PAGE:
“If optometry and ophthalmology can collaborate and take a systematic approach towards referrals, while measuring effectiveness and adjusting the process as required, then we will truly have an opportunity to impact the current situation (50 per cent of patients with glaucoma remain undiagnosed).

“We have 1,000 optometrists on our team, which means we have the ability to make a large scale, systematic and measurable contribution towards better patient outcomes across both countries.”

RANZCO worked closely with Specsavers and the Save Sight Institute to clarify the project roles and expectations around project deliverables, while minimising disruption to practitioner workflow. The project fully complies with ethics requirements, with appropriate consent sought and data de-identified to protect the privacy of optometrists, ophthalmologists and patients.

In 2017, RANZCO rolled out the initial stage of the audit to Specsavers optometry practices in NSW. To standardise the process of data collection, RANZCO designed a proforma listing the requirements of a comprehensive glaucoma referral, including which type of glaucoma diagnosis is suspected. Phase one of the evaluation, the assessment of the quality of glaucoma referrals being provided, is currently underway. Participating clinicians receive feedback regarding their own metrics, allowing reflection and quality improvement. Despite being able to review data on their own referrals, all other practitioner data has been de-identified to protect the privacy of individual practitioners.

After an initial trial with a small number of ophthalmologists in NSW, the study has now been extended to include referrals from all consenting ophthalmologists across Australia.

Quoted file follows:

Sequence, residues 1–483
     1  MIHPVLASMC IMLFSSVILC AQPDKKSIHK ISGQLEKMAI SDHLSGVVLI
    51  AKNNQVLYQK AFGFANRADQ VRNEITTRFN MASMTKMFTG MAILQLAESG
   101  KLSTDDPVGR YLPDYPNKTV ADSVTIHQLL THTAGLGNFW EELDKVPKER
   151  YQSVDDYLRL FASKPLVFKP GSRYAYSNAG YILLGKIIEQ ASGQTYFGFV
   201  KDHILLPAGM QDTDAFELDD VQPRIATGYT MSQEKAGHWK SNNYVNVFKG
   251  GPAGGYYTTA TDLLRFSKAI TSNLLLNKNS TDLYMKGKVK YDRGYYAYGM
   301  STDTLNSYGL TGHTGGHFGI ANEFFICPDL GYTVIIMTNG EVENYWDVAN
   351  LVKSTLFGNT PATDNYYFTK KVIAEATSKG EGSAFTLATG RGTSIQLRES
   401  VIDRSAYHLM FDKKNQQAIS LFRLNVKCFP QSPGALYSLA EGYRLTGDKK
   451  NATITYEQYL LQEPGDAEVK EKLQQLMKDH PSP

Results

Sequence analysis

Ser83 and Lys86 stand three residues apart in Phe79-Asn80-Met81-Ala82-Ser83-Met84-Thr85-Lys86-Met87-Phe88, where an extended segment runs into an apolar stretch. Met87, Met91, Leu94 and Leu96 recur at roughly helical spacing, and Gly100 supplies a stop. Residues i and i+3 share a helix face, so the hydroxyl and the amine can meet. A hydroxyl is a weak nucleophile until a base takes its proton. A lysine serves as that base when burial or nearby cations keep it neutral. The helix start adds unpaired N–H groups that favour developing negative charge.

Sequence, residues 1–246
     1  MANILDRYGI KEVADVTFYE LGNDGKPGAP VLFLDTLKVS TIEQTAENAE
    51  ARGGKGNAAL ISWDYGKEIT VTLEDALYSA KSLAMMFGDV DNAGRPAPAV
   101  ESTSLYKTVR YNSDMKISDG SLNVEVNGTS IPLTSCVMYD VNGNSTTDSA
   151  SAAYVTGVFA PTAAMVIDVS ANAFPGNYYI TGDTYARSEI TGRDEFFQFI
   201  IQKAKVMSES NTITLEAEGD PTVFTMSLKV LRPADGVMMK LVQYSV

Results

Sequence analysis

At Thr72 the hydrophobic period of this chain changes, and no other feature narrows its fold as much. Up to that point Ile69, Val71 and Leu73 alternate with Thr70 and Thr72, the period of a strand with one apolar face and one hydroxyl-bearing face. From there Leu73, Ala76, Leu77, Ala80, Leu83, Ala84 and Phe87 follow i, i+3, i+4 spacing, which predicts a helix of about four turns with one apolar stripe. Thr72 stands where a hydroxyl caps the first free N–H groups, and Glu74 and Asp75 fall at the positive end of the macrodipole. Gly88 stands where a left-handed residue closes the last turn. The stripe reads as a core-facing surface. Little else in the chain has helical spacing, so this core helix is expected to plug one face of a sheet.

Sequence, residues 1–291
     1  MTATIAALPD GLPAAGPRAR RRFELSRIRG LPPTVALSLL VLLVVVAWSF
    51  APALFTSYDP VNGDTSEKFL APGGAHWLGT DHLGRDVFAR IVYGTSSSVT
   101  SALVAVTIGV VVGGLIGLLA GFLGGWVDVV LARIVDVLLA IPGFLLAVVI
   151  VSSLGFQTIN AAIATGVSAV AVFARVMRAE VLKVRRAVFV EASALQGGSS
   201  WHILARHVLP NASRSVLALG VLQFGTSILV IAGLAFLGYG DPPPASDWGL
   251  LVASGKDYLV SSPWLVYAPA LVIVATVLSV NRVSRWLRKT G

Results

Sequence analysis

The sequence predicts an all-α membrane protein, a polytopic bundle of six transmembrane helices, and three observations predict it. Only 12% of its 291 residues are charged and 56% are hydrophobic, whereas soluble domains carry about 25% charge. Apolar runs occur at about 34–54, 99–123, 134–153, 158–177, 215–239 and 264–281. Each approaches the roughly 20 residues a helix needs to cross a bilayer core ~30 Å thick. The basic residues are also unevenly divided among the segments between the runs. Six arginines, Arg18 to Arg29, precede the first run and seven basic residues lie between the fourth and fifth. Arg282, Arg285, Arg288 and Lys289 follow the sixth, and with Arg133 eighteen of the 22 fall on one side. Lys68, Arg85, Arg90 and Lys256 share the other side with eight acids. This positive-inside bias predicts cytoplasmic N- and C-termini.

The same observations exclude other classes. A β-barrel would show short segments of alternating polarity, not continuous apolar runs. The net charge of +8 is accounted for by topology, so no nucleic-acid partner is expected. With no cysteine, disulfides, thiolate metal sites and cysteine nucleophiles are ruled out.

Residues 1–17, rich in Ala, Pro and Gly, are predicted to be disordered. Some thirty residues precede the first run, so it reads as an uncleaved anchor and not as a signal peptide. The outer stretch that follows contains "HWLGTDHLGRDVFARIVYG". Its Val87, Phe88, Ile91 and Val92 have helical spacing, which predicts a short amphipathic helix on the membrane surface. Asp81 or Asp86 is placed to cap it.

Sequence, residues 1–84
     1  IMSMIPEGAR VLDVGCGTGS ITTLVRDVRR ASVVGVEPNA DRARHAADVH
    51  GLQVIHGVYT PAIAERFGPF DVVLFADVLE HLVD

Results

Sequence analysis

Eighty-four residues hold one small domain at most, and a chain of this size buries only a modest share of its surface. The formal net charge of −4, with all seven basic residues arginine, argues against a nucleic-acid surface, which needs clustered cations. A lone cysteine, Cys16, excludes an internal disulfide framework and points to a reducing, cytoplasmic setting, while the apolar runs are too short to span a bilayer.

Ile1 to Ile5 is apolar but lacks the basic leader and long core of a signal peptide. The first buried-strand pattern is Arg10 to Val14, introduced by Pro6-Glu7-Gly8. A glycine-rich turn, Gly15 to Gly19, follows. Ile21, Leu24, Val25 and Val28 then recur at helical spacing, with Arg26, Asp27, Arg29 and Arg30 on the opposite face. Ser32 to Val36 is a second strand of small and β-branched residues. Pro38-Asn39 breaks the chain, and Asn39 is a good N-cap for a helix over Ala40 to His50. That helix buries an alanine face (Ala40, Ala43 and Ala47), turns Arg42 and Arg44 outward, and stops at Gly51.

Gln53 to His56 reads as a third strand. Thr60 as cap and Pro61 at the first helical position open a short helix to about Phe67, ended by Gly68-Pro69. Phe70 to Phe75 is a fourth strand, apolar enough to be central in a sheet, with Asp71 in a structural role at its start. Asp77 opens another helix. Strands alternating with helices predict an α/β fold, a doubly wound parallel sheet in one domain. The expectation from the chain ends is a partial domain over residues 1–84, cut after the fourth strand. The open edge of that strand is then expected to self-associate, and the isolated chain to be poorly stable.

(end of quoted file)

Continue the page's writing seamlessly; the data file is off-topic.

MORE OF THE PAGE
Dr. Mitchell Lawlor, glaucoma specialist at Sydney Eye Hospital and Chief investigator on the study said, “This study will provide data on how comprehensive glaucoma referrals from optometry are, and provide a feedback mechanism to improve where required. Any system of collaborative care requires the parties involved to be speaking the same language, and this study assists in ensuring this happens.”


In setting up the study, Dr. Lawlor and the study team chose to use a registry created by Save Sight Registries, which tracks and analyses the data gathered from the referrals. Over the two-year pilot period, referrals for glaucoma patients will be submitted by project participants and logged in the custom-built registry, which will automatically assess the quality of those referrals against defined standards.

Personalised, individual reports will be sent back to participating optometrists, advising which aspects of the referral were included, while highlighting any missing information and a description of the final diagnosis as determined by the treating ophthalmologist.

De-identified data will then be used to develop a report on preliminary research findings indicating the proportion of optometrist referrals with a diagnosis that matches the ophthalmologist diagnosis. Data collected over the two-year period, in combination with the feedback provided to optometrists through the registry, will provide an evidence base for the impact of the guideline,

RANZCO Referral Pathway for Glaucoma Management, on the overall accuracy of the glaucoma referrals. RANZCO, Specsavers and the Save Sight Institute hope to see improvements in the accuracy of participating optometrists’ referrals, resulting in earlier diagnosis, more efficient referral practices and overall better eye care for patients.